The message of encouragement comes as Italy faces a new political crisis.
On the occasion of the 81st birthday of Italian President Sergio Mattarella, Pope Francis paid a heartfelt tribute to the head of state in a telegram published by the Holy See Press Office on July 23, 2022. Referring to the “particular juncture, marked by many difficulties and crucial choices for the life of the country,” the pontiff praised the Sicilian’s “gentle authority” and “exemplary dedication” to Italy.
In his letter, the pope referred to the political crisis caused on July 14 by the end of the coalition supporting Prime Minister Mario Draghi’s unity government after a vote of no confidence by the Five Star Movement (M5S). President Mattarella initially refused to accept the resignation of the former president of the european Central Bank, trying to force the parties to re-establish their alliance. However, Mattarella was forced to accept the resignation on July 20 after the right-wing parties defected. As a result, he announced the dissolution of parliament and the upcoming elections.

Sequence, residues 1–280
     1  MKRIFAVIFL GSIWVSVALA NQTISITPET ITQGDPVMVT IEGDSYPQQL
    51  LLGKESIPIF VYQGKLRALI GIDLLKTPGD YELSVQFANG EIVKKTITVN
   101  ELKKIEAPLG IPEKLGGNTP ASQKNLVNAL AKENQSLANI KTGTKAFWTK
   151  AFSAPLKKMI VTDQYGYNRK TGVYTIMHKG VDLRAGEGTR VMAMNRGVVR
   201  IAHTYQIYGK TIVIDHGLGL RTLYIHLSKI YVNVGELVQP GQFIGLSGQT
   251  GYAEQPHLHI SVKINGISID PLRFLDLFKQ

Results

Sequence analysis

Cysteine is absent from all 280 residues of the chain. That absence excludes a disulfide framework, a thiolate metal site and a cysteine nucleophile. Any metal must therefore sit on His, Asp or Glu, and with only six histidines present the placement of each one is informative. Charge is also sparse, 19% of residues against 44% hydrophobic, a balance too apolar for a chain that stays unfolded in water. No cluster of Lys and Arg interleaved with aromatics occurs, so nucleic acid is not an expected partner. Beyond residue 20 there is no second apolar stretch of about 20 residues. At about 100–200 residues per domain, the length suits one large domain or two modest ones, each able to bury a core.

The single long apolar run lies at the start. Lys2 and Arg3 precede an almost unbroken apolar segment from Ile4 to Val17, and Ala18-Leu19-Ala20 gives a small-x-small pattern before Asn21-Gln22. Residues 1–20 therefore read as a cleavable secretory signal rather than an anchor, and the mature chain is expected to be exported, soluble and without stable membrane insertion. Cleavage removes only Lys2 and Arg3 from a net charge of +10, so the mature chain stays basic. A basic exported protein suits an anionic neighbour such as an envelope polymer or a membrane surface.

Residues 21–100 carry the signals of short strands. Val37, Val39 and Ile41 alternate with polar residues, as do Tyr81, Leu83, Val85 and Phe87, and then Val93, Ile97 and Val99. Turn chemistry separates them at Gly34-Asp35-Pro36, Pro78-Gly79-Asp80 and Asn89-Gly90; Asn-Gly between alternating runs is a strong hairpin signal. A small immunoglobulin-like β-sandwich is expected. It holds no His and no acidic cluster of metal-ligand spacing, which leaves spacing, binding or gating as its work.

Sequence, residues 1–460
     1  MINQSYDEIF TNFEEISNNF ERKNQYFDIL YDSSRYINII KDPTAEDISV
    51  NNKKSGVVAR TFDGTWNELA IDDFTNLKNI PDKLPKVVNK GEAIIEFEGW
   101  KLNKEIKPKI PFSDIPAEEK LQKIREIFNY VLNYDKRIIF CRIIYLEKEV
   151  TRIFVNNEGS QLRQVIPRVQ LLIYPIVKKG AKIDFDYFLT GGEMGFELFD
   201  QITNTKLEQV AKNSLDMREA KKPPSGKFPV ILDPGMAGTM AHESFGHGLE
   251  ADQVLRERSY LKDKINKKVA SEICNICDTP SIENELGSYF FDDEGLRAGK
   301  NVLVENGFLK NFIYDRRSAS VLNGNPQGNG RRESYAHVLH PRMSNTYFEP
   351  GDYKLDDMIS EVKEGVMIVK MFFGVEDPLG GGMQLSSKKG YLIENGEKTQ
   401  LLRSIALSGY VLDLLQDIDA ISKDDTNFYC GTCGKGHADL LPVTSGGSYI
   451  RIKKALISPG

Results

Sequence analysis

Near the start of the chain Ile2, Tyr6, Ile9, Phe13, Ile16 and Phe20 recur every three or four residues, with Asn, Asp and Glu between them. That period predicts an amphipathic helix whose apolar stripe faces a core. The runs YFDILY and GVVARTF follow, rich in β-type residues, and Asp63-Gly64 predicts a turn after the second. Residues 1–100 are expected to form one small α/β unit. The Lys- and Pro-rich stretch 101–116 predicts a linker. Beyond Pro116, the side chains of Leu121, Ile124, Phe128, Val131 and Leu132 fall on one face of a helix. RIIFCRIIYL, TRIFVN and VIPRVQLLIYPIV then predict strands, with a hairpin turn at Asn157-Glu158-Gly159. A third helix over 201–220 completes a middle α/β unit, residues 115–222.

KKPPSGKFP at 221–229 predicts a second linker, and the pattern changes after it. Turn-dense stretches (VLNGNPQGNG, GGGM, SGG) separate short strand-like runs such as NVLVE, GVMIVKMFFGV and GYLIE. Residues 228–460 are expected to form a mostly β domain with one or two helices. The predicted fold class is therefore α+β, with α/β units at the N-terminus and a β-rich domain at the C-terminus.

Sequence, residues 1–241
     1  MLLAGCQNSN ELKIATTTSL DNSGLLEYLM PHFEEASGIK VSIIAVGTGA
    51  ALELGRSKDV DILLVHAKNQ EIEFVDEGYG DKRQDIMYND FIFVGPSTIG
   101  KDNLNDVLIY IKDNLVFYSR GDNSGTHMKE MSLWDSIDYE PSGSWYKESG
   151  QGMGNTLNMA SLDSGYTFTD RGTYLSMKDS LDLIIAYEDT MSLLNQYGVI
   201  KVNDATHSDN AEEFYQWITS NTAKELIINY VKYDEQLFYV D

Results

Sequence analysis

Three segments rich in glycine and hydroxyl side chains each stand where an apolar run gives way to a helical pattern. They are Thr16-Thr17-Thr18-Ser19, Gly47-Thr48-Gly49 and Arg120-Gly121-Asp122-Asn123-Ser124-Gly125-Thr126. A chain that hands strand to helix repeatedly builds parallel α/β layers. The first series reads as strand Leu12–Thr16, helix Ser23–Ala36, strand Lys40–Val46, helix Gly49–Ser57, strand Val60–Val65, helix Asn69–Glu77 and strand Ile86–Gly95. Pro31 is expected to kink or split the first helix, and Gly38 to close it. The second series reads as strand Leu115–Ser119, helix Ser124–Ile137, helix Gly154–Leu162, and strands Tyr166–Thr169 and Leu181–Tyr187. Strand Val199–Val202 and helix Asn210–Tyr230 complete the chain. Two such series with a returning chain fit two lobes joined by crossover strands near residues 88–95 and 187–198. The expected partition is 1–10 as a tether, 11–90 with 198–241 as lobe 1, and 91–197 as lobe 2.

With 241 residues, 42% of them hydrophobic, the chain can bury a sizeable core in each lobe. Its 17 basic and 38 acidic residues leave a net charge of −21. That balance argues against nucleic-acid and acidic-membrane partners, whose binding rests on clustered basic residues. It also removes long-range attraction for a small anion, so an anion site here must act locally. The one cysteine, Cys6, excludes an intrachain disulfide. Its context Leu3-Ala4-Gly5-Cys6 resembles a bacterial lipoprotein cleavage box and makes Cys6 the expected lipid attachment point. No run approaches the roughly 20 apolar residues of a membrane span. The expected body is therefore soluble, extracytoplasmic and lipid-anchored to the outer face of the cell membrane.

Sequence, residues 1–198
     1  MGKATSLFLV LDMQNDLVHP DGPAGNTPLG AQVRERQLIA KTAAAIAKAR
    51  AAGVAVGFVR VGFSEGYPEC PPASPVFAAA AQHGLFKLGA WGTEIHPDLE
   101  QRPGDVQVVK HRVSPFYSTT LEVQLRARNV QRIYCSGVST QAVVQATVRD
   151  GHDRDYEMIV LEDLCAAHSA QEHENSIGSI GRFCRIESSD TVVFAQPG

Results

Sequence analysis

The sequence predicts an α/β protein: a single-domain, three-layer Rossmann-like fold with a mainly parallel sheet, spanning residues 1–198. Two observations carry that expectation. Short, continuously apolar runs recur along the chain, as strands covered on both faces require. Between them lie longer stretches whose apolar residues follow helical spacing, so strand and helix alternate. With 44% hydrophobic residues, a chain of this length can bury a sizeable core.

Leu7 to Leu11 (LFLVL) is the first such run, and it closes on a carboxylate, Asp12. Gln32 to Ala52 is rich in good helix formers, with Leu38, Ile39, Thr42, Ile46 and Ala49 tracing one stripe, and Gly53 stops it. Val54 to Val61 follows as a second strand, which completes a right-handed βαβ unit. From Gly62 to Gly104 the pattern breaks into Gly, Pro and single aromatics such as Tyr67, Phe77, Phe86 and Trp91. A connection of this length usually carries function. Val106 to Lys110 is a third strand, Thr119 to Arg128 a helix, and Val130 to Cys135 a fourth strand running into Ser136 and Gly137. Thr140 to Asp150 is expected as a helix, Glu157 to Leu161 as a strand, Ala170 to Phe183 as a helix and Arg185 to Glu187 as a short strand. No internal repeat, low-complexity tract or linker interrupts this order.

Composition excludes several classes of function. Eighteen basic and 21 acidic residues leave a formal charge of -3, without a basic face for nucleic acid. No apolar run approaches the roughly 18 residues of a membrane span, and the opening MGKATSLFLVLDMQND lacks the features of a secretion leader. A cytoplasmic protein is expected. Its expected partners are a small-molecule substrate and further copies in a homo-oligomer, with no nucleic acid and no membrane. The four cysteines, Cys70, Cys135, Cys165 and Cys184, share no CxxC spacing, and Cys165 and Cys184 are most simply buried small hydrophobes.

These delicate political circumstances seem to justify the Pope’s message. In fact, this is the first time in his pontificate that Francis has offered a public birthday greeting to the president, who has been in office for more than seven years. The pontiff mentioned his “personal esteem” for the president, who agreed to serve a second seven-year term in February 2022, even though he had been planning to retire.
In his telegram, the pontiff also highlights the “high service” and the “fundamental and indispensable contribution” that the president offers to his country. He sends his apostolic blessing to him, his collaborators and the entire Italian nation.
In recent years, Pope Francis has met several times with the president – who is four years younger than he is – and has sent him warm messages on multiple occasions.
The Bishop of Rome also has a special relationship with the former Prime Minister Mario Draghi, who resigned in July 2022. Pope Francis appointed Draghi a member of the Pontifical Academy of Social Sciences in 2020, shortly before the Jesuit-trained economist agreed to head a unity government in February 2021.